After a long and grueling rookie season that ended in the Super Bowl following a long and grueling final season at the University of Georgia that ended with a National Championship, Eagles linebacker Nakobe Dean wanted to relax. So, he enrolled at Georgia and returned to Athens for two classes: Heat Transfer and Fluid Mechanics.
"Mathematical stuff. It was just six hours of classes. I had to catch up some because the classes started in January and we didn't finish the season until February 12, but I was back in the classroom the following Monday," Dean said. "They were hard classes. The concept was easy, but doing the math could take a long time. At times there were pages and pages of work on one problem, but I had fun with it, actually.
"They didn't offer the classes online, which would have been ideal. But I made it. I passed the classes – I don't know the exact grade, but I passed it at a high-enough level to get the credits – and I had received the credits and I'm still chipping away at my degree. I'm going to get it. It's a goal of mine and I'm going to get there – I'm just 26 hours away. Little by little, I'm going to get it."
See, the way Dean figured, "it was nothing" to take six hours of credits when he was usually taking 16 hours per semester and, besides, it was the kind of break he needed.
"It didn't feel like much to me," said Dean, who maintained a 3.55 GPA in the mechanical engineering program at Georgia when he was a full-time student. "It felt like that was my break from football. I cannot just lay around and watch TV. I don't even have a game system. I'm always moving. I'm always working."
That's the Nakobe Dean Way, and it serves him well. He's in his second season with the Eagles and he has big plans ahead – on and off the field. Dean's football action last year happened mostly on special teams – he was a core member and had seven tackles – while playing 35 snaps on defense. This season, Dean figures to have a chance to contribute much more on defense in the revamped linebacker lineup. How that plays out is to be determined, but you can understand that Dean is thinking big.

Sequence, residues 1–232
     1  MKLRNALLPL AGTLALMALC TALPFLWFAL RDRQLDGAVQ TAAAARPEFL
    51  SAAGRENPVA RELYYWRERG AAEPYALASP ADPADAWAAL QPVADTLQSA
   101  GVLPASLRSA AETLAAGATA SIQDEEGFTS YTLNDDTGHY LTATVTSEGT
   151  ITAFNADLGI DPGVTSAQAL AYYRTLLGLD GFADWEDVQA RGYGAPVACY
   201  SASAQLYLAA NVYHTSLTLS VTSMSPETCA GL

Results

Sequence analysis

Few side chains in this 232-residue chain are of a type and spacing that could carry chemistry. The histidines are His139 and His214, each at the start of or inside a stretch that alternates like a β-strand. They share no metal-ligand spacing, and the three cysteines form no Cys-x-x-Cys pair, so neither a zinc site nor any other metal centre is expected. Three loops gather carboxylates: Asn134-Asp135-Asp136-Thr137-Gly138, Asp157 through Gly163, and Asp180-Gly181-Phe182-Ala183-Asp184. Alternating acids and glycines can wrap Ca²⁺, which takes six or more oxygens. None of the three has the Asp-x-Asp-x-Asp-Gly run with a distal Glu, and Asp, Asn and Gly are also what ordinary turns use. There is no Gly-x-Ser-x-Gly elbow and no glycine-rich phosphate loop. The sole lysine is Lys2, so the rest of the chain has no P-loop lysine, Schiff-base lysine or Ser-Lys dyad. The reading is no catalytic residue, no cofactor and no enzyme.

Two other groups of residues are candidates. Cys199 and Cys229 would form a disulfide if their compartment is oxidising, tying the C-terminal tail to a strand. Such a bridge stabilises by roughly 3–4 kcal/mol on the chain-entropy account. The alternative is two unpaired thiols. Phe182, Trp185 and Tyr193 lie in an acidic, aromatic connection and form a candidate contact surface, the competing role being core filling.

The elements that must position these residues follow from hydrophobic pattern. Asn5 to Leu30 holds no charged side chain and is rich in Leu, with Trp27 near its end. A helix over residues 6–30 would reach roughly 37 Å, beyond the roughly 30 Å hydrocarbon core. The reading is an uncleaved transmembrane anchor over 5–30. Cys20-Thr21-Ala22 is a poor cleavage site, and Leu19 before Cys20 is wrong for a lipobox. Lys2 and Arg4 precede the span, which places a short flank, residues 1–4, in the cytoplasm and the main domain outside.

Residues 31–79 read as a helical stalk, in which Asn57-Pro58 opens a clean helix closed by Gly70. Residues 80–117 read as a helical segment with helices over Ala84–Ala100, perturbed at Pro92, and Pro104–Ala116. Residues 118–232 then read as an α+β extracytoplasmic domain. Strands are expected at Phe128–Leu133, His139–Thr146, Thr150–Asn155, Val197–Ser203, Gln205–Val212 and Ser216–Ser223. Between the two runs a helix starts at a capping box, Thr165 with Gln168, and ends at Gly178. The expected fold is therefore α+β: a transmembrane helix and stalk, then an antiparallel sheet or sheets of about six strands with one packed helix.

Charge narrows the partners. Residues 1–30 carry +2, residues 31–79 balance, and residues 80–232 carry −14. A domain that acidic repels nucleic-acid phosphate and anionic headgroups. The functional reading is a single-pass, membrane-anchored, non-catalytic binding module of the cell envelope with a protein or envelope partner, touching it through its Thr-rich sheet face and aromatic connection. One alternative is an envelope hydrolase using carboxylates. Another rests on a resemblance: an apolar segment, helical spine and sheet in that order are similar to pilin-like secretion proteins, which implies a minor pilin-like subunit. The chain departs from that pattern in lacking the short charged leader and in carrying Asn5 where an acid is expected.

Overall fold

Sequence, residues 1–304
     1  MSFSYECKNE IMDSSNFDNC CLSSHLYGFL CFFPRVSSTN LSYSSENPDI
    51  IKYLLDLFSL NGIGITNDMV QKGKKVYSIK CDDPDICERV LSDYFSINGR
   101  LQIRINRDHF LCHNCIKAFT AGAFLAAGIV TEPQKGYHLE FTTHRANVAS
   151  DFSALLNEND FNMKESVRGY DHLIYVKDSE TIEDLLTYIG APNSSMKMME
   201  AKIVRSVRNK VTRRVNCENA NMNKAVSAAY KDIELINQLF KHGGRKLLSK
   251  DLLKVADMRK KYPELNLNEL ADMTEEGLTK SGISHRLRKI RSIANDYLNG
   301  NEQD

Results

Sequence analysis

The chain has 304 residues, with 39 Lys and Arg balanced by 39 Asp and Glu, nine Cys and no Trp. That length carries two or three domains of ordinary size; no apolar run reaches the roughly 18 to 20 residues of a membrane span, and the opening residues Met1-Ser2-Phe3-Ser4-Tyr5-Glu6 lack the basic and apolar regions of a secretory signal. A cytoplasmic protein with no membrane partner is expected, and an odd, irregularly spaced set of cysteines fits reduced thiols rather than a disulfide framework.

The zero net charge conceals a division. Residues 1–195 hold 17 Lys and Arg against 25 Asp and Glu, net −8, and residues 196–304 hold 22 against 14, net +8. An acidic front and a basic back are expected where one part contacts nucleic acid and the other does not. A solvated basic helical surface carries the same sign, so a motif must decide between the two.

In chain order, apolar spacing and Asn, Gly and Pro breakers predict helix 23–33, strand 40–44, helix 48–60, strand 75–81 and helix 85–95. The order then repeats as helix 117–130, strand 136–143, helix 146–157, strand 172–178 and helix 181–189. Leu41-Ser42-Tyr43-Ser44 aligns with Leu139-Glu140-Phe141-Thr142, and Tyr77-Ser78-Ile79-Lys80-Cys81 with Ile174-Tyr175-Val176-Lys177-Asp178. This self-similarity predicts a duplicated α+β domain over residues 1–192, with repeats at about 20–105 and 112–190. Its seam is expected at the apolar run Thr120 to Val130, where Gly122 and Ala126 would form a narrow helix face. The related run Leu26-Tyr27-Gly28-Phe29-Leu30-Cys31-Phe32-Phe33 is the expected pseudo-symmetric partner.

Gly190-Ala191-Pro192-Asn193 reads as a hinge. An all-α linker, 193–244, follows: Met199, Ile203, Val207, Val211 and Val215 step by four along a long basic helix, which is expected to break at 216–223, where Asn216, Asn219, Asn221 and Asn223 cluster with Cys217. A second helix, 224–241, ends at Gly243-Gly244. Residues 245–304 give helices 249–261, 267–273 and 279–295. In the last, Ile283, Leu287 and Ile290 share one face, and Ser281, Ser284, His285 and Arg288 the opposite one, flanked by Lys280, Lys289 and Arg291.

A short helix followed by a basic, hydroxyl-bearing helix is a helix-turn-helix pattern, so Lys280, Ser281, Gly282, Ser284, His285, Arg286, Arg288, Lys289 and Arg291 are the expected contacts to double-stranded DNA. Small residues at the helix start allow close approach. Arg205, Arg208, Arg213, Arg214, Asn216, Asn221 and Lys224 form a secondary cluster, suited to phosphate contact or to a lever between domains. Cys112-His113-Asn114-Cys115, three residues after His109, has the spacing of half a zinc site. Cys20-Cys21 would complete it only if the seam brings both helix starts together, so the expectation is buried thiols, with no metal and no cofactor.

He puts in the work, and along with that impeccable preparation comes limitless confidence.
"Opportunities are endless. Anything that is available for me to do, I'm trying to be the best to ever do it," he said. "I don't strive to just be a player. I don't strive to just be an extra in this movie. I strive to be the main character. I feel like you should always strive to be the best, the best version of yourself. I feel like if you go in throughout the season and throughout my career and I'm the best version of myself, the rest will take care of itself.
"Defense is defense. Ball is ball. The good thing that (Defensive Coordinator Sean Desai) is doing is asking us what we like and what we don't like. He's working with the guys on the team to get that feedback. Of course there are things that are going to happen regardless, but he values our feedback. It's been great so far."
Dean has learned a lot in a year. He's always been a star because he's got natural gifts, an incredible work ethic and amazing drive and football intelligence. There is more than all of that at the NFL, and those little things – "attention to detail, that's the biggest difference between college and the NFL," he said – separate the good ones and the great ones.
The goal for Dean is to be a great one. His best version. The guy who is back in a college classroom eight days after playing in a Super Bowl and taking mind-bending classes that require precision and perfection – an attention to detail in itself, mind you – to solve the equation.
There is no sitting around waiting for the world to come to Nakobe Dean. He is out there reaching for the stars.
"That's the way I am. That's my approach," Dean said. "Last year, I grew so much as a player, as a man, and now it's time to take it to another level and that's what I intend to do."